VALLEY RANCH, TEX., OCT. 20 -- There still is one unhappy National Football League city. In Seattle, Philadelphia and Buffalo, the fans who shunned strike replacement football are happy to get on with the real season.

Not here. Not in the city that has called its franchise "America's Team." Not in the Big D.

Here in Dallas, the people who used to cheer Roger Staubach and Drew Pearson would just as soon see the replacement players stick around for the rest of the season, while Tony Dorsett and Danny White take a hike. Here in Dallas, where "strike" is a dirtier word than "Redskins," it appears that the previously cozy relationship between the Cowboys and their fans has been severely damaged.

"Turning this booing {of the regular team} around will be a big problem," Cowboys President Tex Schramm said. "It'll be a big challenge. How are we going to do it? I have no idea. But it probably won't happen quickly."

On the popular sports talk shows here, callers have ripped the striking Cowboys to shreds. Fans in St. Louis and Cleveland were irritated by the strike; the people in Dallas, largely because Texas is a right-to-work state, were intolerant of it.

Brad Sham, host of a talk show on radio station KRLD, said: "I haven't been counting but if I did, the calls would have been pretty close to 10-1 in favor of the replacement players. The fact that they {the union Cowboys} were 1-7 the last half of last season had people thinking they were slipping, anyway . . . The fans know the quality of the replacements isn't as high. But they don't care because the enthusiasm is perceived to be about double."

If the boos directed at White here in Monday night's 13-7 loss to the Redskins are any indication, the Cowboys fans would rather see replacement Kevin Sweeney start Sunday's game at Philadelphia. Even as the Monday night game with the Redskins was beginning, a fan held a sign that read, "White's a Weenie; We Want Sweeney." Police quickly tore the sign down, but it didn't help White. And Dorsett, a lock for the NFL Hall of Fame, was booed even more viciously.

Charlie Waters, a Cowboys defensive back in the team's glory years, has been around Dallas long enough to expect that something like this might happen. "And it couldn't happen anyplace else in the league," Waters said. "It's strange, very strange. Around here, a contract is a contract. A lot of deals are still made with a handshake. The people here still don't understand a guy trying to renegotiate, much less a strike."

Asked what the Cowboys can do to get the community behind them again, Waters said, "It'll only happen if they start winning. They have to win, and keep their mouths shut and just let some time pass. No amount of public relations is going to work. These fans are mad."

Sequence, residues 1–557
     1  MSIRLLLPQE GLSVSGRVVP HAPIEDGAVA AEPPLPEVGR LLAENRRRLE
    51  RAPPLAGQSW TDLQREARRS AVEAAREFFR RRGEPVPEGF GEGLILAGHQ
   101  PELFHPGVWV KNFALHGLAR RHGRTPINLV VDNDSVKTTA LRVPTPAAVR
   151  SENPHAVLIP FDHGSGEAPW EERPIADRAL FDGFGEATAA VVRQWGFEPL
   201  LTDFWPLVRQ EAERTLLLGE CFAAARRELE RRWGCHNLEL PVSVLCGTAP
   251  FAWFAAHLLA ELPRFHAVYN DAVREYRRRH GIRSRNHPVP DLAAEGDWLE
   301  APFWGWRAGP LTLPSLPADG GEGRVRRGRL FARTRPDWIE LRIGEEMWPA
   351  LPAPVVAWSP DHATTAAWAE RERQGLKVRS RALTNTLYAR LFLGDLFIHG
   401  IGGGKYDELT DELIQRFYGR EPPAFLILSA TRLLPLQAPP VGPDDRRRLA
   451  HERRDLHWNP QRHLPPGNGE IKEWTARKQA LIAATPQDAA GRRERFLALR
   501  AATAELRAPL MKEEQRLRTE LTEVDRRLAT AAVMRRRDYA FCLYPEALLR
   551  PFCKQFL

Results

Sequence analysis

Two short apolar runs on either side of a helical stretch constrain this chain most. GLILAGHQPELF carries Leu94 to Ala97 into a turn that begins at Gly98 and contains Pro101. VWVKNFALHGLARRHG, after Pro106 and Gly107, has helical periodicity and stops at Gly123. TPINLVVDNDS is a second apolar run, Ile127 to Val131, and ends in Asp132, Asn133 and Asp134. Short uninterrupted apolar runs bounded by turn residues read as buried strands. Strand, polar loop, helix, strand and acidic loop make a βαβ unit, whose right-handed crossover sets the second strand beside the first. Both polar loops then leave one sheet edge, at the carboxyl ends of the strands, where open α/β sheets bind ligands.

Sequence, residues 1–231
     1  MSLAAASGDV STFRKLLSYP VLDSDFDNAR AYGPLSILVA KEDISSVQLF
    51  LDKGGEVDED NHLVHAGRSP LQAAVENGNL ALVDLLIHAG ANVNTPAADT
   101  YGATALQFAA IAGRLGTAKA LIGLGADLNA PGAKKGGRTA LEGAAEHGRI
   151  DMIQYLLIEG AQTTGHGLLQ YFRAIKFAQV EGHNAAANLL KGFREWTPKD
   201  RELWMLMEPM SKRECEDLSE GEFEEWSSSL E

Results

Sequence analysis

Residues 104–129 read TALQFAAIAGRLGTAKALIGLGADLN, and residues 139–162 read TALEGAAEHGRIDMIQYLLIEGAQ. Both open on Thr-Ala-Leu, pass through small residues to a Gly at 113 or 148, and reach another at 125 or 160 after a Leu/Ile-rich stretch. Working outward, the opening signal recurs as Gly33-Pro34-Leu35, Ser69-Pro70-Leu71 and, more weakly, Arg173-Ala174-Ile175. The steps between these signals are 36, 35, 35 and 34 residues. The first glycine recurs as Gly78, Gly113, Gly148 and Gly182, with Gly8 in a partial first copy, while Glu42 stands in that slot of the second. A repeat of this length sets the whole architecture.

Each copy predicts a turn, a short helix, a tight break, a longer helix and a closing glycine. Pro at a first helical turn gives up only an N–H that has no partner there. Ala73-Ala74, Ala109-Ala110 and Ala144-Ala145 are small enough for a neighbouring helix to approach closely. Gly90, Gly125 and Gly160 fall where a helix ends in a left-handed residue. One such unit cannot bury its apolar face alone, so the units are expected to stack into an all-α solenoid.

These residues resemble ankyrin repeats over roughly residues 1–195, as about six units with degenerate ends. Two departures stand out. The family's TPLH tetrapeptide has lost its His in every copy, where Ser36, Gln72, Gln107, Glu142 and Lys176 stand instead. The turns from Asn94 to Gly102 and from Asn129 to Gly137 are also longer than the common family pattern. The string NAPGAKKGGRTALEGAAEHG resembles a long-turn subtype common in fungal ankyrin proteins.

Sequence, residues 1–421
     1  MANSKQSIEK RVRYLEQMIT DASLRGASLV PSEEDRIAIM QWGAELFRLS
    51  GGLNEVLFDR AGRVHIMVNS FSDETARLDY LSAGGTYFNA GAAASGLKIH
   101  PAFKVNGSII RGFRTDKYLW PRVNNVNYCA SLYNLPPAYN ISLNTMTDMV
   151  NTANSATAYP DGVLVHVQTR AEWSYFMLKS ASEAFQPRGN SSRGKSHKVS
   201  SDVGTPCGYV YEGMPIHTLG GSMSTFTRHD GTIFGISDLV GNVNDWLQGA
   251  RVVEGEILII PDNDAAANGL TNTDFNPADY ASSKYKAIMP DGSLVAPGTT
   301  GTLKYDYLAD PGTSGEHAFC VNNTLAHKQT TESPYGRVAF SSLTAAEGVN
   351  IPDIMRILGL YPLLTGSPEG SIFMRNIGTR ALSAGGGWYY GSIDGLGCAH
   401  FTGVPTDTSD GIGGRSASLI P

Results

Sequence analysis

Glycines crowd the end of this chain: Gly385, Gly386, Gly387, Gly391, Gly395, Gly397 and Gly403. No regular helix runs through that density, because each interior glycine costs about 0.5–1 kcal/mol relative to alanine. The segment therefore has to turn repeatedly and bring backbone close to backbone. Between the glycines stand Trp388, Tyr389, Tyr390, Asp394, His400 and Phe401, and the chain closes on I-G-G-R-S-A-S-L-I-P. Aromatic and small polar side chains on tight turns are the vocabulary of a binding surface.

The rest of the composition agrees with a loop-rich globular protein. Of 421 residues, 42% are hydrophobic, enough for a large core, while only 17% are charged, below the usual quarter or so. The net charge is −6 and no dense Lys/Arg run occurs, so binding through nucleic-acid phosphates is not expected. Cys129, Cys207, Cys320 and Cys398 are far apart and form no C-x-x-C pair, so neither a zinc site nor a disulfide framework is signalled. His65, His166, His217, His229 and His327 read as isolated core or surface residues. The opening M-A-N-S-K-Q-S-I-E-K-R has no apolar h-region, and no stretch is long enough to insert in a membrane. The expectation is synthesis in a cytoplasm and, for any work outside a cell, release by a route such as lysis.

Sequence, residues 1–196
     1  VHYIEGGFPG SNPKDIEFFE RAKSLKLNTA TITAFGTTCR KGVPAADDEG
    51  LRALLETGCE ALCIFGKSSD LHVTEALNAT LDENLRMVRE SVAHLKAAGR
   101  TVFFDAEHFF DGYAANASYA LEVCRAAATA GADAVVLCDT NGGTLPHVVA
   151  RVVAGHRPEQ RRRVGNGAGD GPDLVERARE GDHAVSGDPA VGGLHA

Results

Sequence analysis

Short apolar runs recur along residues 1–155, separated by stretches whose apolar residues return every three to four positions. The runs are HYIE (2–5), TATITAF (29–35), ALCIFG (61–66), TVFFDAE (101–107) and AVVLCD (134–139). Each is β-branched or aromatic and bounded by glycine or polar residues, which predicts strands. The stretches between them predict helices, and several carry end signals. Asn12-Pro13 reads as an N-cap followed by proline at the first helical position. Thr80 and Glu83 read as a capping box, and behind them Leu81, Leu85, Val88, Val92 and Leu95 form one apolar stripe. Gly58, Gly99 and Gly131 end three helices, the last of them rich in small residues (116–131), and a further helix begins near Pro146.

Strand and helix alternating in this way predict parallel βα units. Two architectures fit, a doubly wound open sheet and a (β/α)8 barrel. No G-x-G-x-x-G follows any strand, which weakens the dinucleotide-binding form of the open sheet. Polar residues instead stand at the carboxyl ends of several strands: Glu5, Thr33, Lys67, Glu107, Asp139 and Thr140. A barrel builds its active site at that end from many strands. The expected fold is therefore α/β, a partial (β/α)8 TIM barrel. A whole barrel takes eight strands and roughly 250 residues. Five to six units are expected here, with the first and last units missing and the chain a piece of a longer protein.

It's true that the Cowboys fans already were upset that the team didn't make the playoffs last season, and were ready to come down on White, anyway. But the dearth of unions in Texas -- Dallas more so than Houston -- is at the center of their beef with the Cowboys.

Everson Walls, who grew up in the shadow of the old Cowboys' practice facility in north Dallas, said today, "The word union didn't even come into my vocabulary until I became a player. You don't talk about unions in Dallas."

Dr. Bob Weinberg, a sports psychologist at North Texas State University who lived in New York and was a member of the teachers' union there, said, "Union is a foreign concept here. People in the northeast couldn't understand how Dallasites feel about this. They don't even read about unions. It's still a conservative, religious place . . . "

Walls, a strong union member, said he "slightly understands" why the fans here feel jilted, as they do. "The Cowboys have had such a strong hold on the community. They've had the same coach, the same management for more than 20 years," he said. "It's going to take some time before we get the people back again."

It's very possible that won't happen this season. The Cowboys-Redskins game attracted more than 60,000 people, and Schramm said he doesn't expect that many will turn out to see the veteran Cowboys for the next couple of home games.

The fans here loved the replacement Cowboys because they won two games. They would have been civic heroes with a victory over the Redskins, but it hardly matters because the fans already blame that loss on Dorsett (two fumbles) and White (two terrible decisions in the final 41 seconds).

In addition to being concerned with their relationship with the Dallas-Fort Worth metroplex, the Cowboys also have to worry about divisiveness within the team. White, who was publicly opposed to the 1982 NFLPA strike, said he lost his ability to lead the team effectively as a result.

Walls said he is encouraged the same thing won't happen this time because White informed his teammates every step of the way about his crossing the picket line after initially supporting the union. But Walls added, "The difficult thing is that this team was becoming a lot closer. It took us four years to get over what happened in 1982."

Even if Dallas can "put this silliness aside and think about football for a change," to use Schramm's words, the Cowboys still will face problems in the coming weeks. Several teams, the Phildelphia Eagles among them, blame Schramm for the league playing the replacement games.

"Buddy Ryan {coach of the Eagles} has already said he's going to kick our rear ends," Schramm said. "That's what the regular players oughta be thinking about."

Said Walls, "I don't worry about other teams shooting for us, or other people being angry with the Cowboys. People have hated us, anyway, so how much worse can it get? The thing that is different is that people used to hate the Cowboys out of respect. Now, you feel bad because they hate us out of disrespect."